It is however becoming increasingly apparent that some  corporations like bad governments.  They serve a very useful purpose provided that they don’t become too bad.  In other words as long as they allow business to carry on business with at least some degree of order, that is good enough with the multinationals.  As long as governments permit business to operate with some assurances that they can keep their profits, they like it if such governments are oppressive of their citizens. Even if political corruption is rampant and bribes are a cost of business.  They like it if labour costs are kept low, and environmental safeguards are ignored and safe working conditions not required.  This allows for ever greater profit. It would have been nice if Shell had voiced its opposition to the approach of the Nigerian government  They might have had a small effect. Unfortunately, the world over, business people  resist the notion that morality should ever play a role in business.

Canadians of course have learned this affects them too as the case of SNC Lavalin showed. We have to vigilant against corporate corruption, even when, as they always claim, it will cost jobs. We don’t need to support corruption to maintain jobs. We need clean jobs. Only clean jobs. And we need to control corporations, whether they like it or not.

Are contractual rights sacred?

I believe in the freedom to contract. But, as with all freedoms, this freedom is not absolute. There must be limits—reasonable limits.

Normally it is of course the right that preaches the sanctity of contract.  Contractual rights are of course a form of property right.  Many property rights are in fact no more than contractual rights these days.  For example what is a guaranteed investment certificate, but a contractual right to have the bank pay the holder a certain amount of money on a certain date. Any expropriation of contractual rights should therefore naturally meet with the loud opposition of our right-wingers.  Ordinarily, they are certainly vocal in opposition to any encroachments onto contractual rights without compensation, at least when the expropriated parties are people of wealth.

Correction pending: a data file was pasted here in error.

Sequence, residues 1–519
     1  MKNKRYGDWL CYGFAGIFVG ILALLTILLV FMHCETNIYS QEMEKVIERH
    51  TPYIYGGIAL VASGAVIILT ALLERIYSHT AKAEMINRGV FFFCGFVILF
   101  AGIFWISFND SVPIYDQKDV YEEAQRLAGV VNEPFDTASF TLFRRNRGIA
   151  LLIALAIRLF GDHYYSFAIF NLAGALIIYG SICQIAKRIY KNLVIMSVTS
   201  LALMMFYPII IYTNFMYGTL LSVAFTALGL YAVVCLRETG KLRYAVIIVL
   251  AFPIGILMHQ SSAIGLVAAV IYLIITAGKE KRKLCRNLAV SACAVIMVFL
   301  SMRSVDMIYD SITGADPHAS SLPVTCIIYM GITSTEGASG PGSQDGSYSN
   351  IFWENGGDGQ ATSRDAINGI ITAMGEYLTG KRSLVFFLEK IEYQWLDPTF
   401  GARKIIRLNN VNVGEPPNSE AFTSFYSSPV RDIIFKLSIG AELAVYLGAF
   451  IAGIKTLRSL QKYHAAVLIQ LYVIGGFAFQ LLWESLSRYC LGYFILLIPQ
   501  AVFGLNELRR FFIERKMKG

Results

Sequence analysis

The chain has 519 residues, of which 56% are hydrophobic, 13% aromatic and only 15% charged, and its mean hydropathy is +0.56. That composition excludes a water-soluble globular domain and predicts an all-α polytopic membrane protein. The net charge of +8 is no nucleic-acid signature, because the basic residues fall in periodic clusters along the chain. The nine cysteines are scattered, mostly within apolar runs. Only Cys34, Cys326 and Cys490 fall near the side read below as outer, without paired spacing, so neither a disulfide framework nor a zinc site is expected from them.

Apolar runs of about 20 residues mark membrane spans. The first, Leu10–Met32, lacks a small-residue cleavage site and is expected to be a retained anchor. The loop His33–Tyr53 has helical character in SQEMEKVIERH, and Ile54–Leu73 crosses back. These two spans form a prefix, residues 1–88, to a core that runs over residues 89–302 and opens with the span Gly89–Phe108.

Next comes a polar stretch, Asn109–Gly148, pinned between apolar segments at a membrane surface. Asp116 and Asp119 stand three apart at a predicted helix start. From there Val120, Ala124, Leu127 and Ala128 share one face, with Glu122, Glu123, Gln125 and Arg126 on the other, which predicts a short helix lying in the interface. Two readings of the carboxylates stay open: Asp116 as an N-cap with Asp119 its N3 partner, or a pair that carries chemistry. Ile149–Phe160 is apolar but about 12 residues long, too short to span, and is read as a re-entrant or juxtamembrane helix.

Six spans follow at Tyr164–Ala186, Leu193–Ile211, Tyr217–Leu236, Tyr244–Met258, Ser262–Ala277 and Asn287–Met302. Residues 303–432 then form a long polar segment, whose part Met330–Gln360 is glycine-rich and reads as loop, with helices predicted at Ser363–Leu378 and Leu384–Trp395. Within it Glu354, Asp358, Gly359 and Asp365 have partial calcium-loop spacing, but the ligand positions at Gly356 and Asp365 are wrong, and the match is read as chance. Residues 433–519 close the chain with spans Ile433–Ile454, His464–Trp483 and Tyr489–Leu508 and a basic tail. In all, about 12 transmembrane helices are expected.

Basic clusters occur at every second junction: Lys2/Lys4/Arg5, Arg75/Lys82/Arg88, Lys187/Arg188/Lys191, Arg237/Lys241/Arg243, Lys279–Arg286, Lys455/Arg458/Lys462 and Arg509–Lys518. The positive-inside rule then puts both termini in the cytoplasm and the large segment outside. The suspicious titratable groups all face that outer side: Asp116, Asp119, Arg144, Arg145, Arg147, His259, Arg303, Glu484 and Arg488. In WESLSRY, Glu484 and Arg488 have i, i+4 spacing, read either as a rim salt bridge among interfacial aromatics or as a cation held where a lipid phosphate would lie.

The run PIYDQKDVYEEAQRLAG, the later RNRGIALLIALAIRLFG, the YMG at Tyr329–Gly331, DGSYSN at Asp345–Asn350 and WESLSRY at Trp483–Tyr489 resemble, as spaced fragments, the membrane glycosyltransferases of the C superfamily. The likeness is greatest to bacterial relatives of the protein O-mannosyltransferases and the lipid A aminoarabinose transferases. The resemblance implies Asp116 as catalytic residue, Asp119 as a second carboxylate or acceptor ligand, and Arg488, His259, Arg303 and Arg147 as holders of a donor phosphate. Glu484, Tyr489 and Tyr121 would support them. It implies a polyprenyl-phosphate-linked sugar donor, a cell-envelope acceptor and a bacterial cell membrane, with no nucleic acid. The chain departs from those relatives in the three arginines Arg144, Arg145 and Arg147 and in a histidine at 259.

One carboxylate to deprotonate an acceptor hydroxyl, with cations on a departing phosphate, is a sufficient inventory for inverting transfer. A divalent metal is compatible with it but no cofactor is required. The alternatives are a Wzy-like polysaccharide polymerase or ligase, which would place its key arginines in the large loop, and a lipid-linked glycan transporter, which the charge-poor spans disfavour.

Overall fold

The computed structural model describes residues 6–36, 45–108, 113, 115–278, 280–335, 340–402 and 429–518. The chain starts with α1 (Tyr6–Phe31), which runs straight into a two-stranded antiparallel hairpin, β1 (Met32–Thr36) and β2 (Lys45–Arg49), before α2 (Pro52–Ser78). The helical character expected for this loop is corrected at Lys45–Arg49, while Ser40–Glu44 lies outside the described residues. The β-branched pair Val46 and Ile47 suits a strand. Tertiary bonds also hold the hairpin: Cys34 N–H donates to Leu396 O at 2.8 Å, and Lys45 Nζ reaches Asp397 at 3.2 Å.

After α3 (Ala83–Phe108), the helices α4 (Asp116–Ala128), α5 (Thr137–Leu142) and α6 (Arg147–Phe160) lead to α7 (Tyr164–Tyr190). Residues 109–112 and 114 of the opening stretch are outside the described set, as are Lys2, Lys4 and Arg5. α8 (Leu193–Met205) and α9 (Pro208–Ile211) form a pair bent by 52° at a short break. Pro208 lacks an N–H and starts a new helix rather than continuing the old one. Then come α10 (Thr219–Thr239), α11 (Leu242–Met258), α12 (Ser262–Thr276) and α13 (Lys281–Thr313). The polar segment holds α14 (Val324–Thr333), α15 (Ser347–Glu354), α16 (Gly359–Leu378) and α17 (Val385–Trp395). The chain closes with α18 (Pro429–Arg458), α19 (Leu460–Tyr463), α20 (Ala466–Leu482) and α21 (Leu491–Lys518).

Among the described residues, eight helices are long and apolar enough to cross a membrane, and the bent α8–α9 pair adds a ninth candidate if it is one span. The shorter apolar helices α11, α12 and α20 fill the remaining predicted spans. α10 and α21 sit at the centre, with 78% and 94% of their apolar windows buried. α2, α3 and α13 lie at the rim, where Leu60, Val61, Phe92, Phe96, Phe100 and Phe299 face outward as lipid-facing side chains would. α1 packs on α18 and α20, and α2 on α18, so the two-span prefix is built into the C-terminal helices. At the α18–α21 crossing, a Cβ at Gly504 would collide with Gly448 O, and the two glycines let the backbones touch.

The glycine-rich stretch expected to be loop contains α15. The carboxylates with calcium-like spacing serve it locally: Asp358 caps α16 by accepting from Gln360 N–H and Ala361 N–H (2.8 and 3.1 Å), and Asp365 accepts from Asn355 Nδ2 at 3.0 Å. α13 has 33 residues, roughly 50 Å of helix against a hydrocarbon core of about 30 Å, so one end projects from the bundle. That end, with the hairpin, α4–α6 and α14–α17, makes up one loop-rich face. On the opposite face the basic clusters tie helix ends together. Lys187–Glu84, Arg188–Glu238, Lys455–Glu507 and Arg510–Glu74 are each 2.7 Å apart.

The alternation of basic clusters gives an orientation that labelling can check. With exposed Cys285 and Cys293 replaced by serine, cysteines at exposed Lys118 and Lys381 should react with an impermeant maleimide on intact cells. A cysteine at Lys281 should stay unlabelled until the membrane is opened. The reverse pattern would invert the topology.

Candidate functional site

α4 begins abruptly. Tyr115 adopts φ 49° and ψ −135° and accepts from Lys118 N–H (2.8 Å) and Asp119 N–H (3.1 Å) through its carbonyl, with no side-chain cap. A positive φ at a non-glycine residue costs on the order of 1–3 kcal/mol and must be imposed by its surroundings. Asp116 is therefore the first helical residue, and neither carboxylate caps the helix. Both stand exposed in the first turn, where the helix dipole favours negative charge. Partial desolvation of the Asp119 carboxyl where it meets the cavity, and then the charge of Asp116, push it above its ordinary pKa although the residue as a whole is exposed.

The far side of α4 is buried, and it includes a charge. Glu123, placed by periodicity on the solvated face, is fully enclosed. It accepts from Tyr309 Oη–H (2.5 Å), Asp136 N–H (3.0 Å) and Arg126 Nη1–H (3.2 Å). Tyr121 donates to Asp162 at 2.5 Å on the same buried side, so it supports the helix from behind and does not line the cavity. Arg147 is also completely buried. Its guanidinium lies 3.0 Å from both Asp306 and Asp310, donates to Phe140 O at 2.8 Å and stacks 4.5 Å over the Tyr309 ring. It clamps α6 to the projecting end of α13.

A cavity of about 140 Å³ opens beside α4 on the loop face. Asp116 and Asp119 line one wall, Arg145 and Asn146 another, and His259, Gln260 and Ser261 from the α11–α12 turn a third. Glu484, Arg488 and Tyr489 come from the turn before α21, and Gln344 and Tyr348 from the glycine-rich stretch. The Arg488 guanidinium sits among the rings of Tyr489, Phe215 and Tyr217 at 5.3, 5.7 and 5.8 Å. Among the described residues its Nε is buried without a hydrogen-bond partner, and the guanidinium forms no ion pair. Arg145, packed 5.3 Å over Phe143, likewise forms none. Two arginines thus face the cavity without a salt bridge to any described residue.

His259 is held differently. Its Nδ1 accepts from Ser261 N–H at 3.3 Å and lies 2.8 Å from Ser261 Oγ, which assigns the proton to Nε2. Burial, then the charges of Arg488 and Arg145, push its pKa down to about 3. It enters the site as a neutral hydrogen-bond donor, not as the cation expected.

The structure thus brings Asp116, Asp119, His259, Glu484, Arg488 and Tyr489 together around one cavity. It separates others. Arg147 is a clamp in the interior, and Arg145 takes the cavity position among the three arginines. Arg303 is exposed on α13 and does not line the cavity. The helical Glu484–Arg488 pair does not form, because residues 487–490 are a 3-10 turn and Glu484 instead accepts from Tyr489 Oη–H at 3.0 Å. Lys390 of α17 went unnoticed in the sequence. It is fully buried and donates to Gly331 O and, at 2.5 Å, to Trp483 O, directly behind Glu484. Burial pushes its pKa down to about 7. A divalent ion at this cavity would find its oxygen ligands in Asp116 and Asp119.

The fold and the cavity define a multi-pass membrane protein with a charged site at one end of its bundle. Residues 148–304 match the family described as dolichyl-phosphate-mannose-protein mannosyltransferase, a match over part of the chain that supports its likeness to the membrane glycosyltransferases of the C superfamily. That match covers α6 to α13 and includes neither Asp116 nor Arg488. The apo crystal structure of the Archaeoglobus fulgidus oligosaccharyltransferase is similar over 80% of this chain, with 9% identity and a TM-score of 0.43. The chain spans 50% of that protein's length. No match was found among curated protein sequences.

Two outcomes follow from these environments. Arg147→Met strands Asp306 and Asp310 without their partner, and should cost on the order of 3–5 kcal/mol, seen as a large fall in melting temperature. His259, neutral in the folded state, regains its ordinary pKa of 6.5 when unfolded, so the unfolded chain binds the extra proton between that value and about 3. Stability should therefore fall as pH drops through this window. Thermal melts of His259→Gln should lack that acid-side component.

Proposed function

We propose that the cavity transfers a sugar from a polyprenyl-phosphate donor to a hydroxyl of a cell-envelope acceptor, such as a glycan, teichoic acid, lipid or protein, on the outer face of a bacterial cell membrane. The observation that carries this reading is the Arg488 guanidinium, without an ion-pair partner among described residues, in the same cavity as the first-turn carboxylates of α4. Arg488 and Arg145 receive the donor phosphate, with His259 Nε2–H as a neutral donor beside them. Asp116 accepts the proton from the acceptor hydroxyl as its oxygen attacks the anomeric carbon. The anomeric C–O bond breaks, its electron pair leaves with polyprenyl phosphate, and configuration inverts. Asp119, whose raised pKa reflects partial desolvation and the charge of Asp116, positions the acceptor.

It was therefore interesting to see the reaction of the political right to proposals by the City of Winnipeg council a few years ago that the council obtain a tax freeze by tearing up its collective bargaining agreement negotiated freely with one of its main unions the year before. Interestingly there was little or no opposition heard from the right of the political spectrum. The conservative government under Premier Pallister did the same with its government employees during its first term in office.   I guess contractual rights are not important when they belong to the workers, rather than the investors.  There was absolutely no talk at all of the sanctity of contractual rights.  When it comes down to the poor and vulnerable labourers they are fair game.  In this neo-conservative age the rights of the poor, the vulnerable, and the mere workers are under siege.

Are contractual rights sacred? That depends on who is asking.


The welfare State


The welfare state is not a bogeyman. I am not a socialist though I have a lot of sympathy and lot in common with them. I consider myself a social democrat instead. I remember Premier Ed Schreyer in 1969, who made the same distinction after he led his party of New Democrats to power in the Manitoba provincial election.   A social democrat is a person who understands that the welfare state is essential to democracy, and at least enlightened business leaders have come to realize that.